IoT devices are proliferating on corporate networks, gathering data that enables organizations to make smarter business decisions, improve productivity and help avoid costly equipment failures, but there is one big downside – security of the internet of things remains a problem.It makes sense, then, for enterprises to try to spot vulnerabilities in the IoT gear in their networks before they can be exploited by malicious actors.[ For more on IoT security see tips to securing IoT on your network and 10 best practices to minimize IoT security vulnerabilities. | Get regularly scheduled insights by signing up for Network World newsletters. ]
To help this along, Network World and Pluralsight have teamed up to present a free course, Ethical Hacking: Hacking the Internet of Things, that provides IT pros with skills they need to protect their network infrastructure.To read this article in full, please click here(Insider Story) READ MORE HERE…

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10 Hot IoT security startups to watch

The internet of things is growing at breakneck pace and may end up representing a bigger economic shift in networking than the internet itself did, making security threats associated with the IoT a major concern.This worry is reflected by investments being made in startups that focus on stopping threats to the IoT, the industrial IoT (IIoT) and the operational technology (OT) surrounding them.To read this article in full, please click here(Insider Story) READ MORE HERE…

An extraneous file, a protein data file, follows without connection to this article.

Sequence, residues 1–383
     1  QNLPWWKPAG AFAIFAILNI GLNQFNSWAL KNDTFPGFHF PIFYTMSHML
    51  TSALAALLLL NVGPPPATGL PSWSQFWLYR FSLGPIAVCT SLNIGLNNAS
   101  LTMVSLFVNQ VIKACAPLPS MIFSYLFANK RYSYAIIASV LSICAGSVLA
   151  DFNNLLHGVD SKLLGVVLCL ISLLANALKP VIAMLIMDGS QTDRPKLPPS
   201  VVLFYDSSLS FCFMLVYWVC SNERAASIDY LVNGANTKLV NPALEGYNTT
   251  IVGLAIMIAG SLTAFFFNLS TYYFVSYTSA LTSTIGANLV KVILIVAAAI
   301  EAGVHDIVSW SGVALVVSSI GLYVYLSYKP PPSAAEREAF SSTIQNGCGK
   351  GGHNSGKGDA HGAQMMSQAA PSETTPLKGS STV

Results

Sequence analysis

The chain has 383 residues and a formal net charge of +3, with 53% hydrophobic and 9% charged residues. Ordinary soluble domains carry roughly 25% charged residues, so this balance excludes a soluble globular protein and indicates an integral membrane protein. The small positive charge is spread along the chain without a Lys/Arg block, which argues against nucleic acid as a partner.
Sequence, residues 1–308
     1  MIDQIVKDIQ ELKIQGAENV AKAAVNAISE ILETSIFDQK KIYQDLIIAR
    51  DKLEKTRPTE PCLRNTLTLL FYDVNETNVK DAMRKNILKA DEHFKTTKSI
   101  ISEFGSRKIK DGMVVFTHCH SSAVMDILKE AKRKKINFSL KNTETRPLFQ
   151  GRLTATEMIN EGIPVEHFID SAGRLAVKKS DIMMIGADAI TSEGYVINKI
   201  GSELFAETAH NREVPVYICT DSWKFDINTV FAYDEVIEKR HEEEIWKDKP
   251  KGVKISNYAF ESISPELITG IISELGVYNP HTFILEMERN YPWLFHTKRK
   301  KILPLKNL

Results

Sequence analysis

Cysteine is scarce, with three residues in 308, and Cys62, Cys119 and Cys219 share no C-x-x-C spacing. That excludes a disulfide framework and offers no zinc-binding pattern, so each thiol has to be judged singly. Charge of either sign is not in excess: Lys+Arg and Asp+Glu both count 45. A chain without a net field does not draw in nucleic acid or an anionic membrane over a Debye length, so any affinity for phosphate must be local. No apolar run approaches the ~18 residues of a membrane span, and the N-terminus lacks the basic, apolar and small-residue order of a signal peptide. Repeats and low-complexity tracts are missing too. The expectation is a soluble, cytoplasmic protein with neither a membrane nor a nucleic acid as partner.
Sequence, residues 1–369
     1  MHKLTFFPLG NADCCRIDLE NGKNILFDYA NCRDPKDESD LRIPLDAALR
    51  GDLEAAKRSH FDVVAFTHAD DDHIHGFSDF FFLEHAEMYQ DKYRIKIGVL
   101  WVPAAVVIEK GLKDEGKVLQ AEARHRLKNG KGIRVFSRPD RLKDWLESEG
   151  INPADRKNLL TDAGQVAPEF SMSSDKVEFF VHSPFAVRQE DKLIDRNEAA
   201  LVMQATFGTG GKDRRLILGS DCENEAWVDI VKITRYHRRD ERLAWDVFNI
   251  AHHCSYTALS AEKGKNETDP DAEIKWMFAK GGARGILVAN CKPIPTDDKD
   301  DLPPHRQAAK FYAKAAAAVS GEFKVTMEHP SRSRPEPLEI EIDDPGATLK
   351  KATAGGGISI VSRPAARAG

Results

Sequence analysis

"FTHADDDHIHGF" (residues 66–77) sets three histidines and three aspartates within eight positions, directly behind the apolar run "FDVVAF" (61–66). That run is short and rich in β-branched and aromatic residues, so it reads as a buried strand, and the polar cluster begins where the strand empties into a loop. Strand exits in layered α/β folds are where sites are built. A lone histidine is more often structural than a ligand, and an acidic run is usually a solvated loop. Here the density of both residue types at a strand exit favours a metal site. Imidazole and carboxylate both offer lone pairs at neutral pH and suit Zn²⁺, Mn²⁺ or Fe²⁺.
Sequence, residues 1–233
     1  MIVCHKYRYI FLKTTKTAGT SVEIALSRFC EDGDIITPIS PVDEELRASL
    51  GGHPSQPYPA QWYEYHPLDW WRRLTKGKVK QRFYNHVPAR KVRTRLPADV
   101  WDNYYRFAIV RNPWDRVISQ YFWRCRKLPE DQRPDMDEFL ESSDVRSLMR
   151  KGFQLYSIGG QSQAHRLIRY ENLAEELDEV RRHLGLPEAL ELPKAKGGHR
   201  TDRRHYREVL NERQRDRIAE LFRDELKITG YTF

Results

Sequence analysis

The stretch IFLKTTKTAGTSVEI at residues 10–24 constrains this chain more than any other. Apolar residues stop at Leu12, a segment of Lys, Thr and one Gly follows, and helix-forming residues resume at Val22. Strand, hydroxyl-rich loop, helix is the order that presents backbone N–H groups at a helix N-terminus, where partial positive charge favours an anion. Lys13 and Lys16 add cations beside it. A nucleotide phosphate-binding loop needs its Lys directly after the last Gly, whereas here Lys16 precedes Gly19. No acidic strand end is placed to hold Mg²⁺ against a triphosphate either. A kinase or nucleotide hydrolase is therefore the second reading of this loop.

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Does your cloud-access security broker support IPv6? It should.

Cloud access security brokers (CASB) insert security between enterprises and their cloud services by providing visibility and access control, but IPv6 could be causing a dangerous blind spot.That’s because CASBs might not support IPv6, which could be in wide corporate use even in enterprises that choose IPv4 as their preferred protocol. [ Related: What is IPv6, and why aren’t we there yet?
For example, end users working remotely have a far greater chance of connecting via IPv6 than when they are in the office.  Mobile providers collectively have a high percentage of IPv6-connected subscribers and broadband residential Internet customers often have IPv6 connectivity without realizing it.  Internet service providers and software-as-a-service (SaaS) vendors both widely support IPv6, so a mobile worker accessing, say, DropBox over a Verizon 4G wireless service might very well connect via IPv6.To read this article in full, please click here(Insider Story) READ MORE HERE…